A short while ago I sent you an preliminary analysis of the Public Interest Disclosure and Protection of Persons Making Disclosure Bill, 2010 (the Whistleblower Bill) has been tabled in the Lok Sabha (Lower House of India’s Parliament) yesterday (26th August 2010). Here is an additional facet to the complex issue. The Department of Personnel which prepared this Bill has not lived up to the decision taken by its sister Department: the Department of Administrative Reforms and Public Grievances on the same issue. Please read on:
What the Second Administrative Reforms Commission said about Whistleblower legislation in 2007:
In January 2007 the Second Administrative Reforms Commission (SARC) headed by Dr. Veerappa Moily, presently the Minister for Law under the UPA Government submitted its 4th Report entitled: Ethics in Governance. (click here to access the complete report:http://arc.gov.in/4threport. pdf) Readers will recollect that SARC was constituted by the UPA Government during its first tenure to achieve a proactive, responsive, accountable, sustainable and efficient administration for the country at all levels of the government. In its 4th Report, SARC dealt with the issue of whistleblowers in the following paras:
“3.6 Protection to Whistleblowers
3.6.1 Whistleblowers play a crucial role in providing information about corruption. Public servants who work in a department/agency know the antecedents and activities of others in their organization. They are, however, often unwilling to share the information for fear of reprisal. There is a very close connection between the public servant’s willingness to disclose corruption in his organization and the protection given to him and his/her identity. If adequate statutory protection is granted, there is every likelihood that the government would be able to get substantial information about corruption.The term “whistleblowing” itself is a relatively recent addition to our lexicon. In the United States, in the post-Watergate era, after the trials and tribulations of Daniel Ellsberg, the man who “blew the whistle” on the so called “Pentagon papers”, whistleblowing has not only been protected by statute but is also encouraged as an ethical duty on the part of the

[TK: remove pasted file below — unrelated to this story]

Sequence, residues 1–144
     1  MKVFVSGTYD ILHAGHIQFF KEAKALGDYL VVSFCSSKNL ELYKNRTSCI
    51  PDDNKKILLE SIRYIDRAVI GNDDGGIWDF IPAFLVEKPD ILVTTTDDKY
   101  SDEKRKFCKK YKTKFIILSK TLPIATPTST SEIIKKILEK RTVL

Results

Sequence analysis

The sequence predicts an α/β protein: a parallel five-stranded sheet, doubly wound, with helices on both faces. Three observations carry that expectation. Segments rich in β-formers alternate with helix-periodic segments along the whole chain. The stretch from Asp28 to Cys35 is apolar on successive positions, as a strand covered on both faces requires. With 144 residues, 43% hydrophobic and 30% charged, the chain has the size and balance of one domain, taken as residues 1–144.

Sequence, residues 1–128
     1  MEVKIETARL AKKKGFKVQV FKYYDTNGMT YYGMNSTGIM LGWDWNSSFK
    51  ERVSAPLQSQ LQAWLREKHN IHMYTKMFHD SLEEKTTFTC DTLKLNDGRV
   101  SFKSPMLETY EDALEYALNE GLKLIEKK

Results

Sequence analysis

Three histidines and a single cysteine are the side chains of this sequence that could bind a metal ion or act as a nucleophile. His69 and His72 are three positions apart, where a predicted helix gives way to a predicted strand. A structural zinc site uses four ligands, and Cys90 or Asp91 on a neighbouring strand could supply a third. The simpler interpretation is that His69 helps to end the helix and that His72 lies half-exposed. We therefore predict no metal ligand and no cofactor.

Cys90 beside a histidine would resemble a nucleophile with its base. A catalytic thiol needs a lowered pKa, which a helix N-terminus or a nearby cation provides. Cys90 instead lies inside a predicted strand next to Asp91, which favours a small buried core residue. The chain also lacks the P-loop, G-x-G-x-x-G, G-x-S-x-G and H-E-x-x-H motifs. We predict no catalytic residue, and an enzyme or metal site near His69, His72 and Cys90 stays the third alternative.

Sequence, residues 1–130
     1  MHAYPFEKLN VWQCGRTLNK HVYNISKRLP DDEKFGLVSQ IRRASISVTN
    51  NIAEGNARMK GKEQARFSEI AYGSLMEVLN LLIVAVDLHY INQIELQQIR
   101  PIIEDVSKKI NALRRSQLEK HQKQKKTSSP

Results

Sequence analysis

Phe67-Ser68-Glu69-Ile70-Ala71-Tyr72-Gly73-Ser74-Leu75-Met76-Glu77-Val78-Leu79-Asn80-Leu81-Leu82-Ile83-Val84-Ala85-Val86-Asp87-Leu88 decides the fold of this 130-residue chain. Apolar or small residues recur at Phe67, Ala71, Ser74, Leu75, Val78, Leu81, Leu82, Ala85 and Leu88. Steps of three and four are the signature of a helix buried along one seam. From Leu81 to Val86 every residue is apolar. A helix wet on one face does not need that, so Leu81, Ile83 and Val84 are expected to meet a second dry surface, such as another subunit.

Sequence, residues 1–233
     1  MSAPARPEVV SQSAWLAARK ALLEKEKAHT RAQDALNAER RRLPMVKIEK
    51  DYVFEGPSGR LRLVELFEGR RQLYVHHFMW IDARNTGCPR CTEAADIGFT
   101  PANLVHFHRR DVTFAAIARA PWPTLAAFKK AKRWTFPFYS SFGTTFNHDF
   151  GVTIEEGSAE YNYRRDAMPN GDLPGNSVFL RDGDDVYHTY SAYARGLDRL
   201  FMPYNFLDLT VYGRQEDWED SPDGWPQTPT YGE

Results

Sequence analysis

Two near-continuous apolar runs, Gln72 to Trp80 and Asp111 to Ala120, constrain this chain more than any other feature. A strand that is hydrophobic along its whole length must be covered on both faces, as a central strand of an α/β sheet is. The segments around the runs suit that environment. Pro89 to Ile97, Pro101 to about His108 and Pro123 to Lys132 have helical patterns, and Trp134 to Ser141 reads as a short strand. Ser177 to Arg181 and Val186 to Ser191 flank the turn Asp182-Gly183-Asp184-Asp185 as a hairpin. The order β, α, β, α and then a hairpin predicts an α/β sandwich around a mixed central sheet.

citizens. Furthermore, after the spectacular collapse of Enron and WorldCom, the US Congress passed the Sarbanes-Oxley Act of 2002, granting sweeping protection to whistleblowers in publicly traded companies. Anyone retaliating against a corporate whistleblower can now be imprisoned for up to 10 years[46 ].[Source: Raghu Dayal-“Whistleblowers need to be protected”-ET: 26-12-06]
3.6.2 Laws providing such protection exist in the UK, the USA, Australia and New Zealand. The UK Public Interest Disclosure Act, 1998, the Public Interest Disclosure Act, 1994 of Australia, the Protected Disclosure Act, 2000 of New Zealand, and the Whistle blowers Protection Act, 1984 of USA are legislations providing protection to whistleblowers. All these laws generally provide for preserving the anonymity of the whistleblower and safeguarding him/her against victimization within the organization.
3.6.3 The Law Commission in its 179th Report has proposed a Public Interest Disclosure (Protection of Informers) Bill, which provides protection to whistleblowers. The Bill has provisions for providing safeguards to the whistleblowers against victimization in the organization. It also has a provision that the whistleblower may himself seek transfer in case he apprehends any victimization in the current position. In order to ensure protection to whistleblowers, it is necessary that immediate legislation may be brought on the lines proposed by the Law Commission.
Box 3.1: The Whistleblowers
Manjunath Shanmugam working with Indian Oil Corporation (IOC) was a graduate of the Indian Institute of Management, Lucknow. He refused bribes and ignored threats to his life in his fight against adulteration by the petrol pump owners. He paid the price. He was shot dead on 19thNovember, 2005 allegedly at the behest of corrupt petrol pump owners.